I was reminiscing with my family recently, about how much I miss the fall season in America. The pumpkin spice lattes, and the jacket weather. The smell that permeates the air after all those early morning rains, and the crisp air at night. The leaves changing colors and falling from the tree. The browns, oranges and auburns in every corner. Fall was always my favorite season. And I get a little sad every year when I realize I moved to a part of the world that skips over the fall season entirely. I miss it.
This is a weird and crazy time. I know everyone around the world is feeling it. But here in Israel, it is particularly weird. Lockdown for the Yamim Noraim, outside davening that felt a bit distanced, kids still at home for the foreseeable future…There is so much unknown currently, and it is so unsettling. What makes me feel at ease through it all is familiarity. The people, the smell, the tastes, the feelings that make me feel at home and warm inside. This lockdown we decided to move in with my family in Efrat. We’ve been really enjoying the family time and the bonding our kids are getting with their cousins. Though it is obviously hard to be away from home and not have our normal routine. In an eerie way though, I feel like G-d had my back. Here in Efrat, the fall feeling is very prevalent. That fall “breeze” flew in at the perfect time.
I first felt it the Thursday night before Yom Kippur. I was out on my run, and this slight cool breeze drafted over the sky. I knew it was time to make fall come alive in the kitchen. These flavors, along with big comfy sweaters and soft cozy leggings, with a slight cool in the air, makes me feel warm and fuzzy inside.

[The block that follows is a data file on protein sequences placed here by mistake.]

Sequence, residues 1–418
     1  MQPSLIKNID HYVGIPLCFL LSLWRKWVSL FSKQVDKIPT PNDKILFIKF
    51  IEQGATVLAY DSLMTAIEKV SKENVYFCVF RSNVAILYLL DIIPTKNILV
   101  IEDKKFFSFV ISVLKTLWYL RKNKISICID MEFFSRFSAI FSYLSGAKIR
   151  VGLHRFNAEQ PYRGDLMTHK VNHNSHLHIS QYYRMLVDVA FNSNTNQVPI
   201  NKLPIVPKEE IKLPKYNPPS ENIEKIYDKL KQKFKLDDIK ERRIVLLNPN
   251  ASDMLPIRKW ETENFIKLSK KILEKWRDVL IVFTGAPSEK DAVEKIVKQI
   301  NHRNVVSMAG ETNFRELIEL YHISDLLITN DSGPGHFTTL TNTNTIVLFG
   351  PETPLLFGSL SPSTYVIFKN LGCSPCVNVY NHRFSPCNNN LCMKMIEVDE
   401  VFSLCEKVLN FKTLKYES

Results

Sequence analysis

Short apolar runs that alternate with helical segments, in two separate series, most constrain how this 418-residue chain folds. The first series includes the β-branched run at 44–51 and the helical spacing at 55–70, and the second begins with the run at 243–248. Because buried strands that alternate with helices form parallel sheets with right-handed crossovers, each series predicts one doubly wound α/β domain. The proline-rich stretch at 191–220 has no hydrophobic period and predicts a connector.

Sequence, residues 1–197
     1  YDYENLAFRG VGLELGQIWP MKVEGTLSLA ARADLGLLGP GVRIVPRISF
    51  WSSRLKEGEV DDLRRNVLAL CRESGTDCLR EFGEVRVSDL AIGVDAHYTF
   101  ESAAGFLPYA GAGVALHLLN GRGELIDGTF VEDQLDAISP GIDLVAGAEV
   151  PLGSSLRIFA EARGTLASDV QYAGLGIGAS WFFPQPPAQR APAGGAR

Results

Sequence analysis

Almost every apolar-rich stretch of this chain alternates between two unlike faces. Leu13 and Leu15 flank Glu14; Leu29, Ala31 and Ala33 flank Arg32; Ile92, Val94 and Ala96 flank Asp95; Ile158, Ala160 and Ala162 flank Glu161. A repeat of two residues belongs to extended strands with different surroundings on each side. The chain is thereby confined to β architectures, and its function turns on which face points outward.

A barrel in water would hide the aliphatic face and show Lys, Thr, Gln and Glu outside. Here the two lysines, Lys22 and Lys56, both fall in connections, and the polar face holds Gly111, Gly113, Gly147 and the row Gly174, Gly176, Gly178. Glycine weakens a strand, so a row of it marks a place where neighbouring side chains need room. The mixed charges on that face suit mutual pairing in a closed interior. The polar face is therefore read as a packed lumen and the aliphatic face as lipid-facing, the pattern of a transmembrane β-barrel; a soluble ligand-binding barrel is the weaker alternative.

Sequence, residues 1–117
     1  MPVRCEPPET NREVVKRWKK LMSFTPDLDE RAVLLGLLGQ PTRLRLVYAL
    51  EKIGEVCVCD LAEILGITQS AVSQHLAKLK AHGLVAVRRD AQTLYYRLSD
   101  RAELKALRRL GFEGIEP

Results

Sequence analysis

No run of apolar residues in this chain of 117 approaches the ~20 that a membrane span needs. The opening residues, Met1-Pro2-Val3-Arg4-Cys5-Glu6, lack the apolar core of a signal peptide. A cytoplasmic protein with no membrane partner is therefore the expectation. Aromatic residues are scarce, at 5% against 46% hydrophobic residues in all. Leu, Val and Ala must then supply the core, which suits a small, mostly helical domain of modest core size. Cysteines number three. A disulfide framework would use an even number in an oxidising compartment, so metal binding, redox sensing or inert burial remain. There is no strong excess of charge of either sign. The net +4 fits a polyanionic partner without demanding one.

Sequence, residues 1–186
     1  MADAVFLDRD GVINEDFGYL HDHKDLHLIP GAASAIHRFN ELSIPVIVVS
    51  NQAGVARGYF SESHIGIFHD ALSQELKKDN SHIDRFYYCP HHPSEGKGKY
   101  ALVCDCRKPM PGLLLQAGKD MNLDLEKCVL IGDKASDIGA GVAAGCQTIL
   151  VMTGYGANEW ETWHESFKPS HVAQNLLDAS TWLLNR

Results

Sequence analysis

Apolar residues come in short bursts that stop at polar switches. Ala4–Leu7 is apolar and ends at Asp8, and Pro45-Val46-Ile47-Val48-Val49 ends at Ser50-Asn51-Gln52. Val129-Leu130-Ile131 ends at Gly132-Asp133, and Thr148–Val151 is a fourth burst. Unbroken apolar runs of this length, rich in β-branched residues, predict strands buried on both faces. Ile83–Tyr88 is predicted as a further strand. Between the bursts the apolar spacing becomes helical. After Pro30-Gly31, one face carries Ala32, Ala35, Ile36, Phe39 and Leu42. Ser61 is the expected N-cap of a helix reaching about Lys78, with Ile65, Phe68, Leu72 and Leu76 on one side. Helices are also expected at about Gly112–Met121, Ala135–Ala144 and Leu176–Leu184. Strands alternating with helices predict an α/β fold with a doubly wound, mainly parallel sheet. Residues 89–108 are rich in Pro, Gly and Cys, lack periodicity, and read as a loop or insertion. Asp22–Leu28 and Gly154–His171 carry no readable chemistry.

I used my sister in-law’s can of pumpkin that she got at her local supermarket, that of course carries all of the American products (because Efrat is mini America isn’t it?) And I developed the recipe with the kids running around in the background, with both my mom and daugthers next to me watching me do what I love best. The cinnamon and pumpkin flavor filled the air. It was just such a perfect scene. I got to set up the picture with my family watching, and share the recipe with my whole extended family. I may not have been in my childhood home or my adult home, but it sure felt like home.The first bite just felt so warm and cozy.
I’ll be making it again with a big pumpkin spice latte to accompany it. And I’ll sit in our family sukkah tasting the fall flavors and reminiscing on all those cold fall Sukkot mornings I spent in my childhood sukkah.
I know it’s a stretch to say that this recipe will bring some comfort to all this chaos, but I hope that it might. Every situation in life turns out to what we make it to be. So this Sukkot you may not be surrounded by all your loved ones, or in the setting you hoped to have been in, but you can bring some sort of familiarity into your sukkah. Whether that be family traditions, or familiar smells and tastes, feelings, or sentiments. I hope this recipe brings back some fall nostalgia for those who need it. Chag Sameach!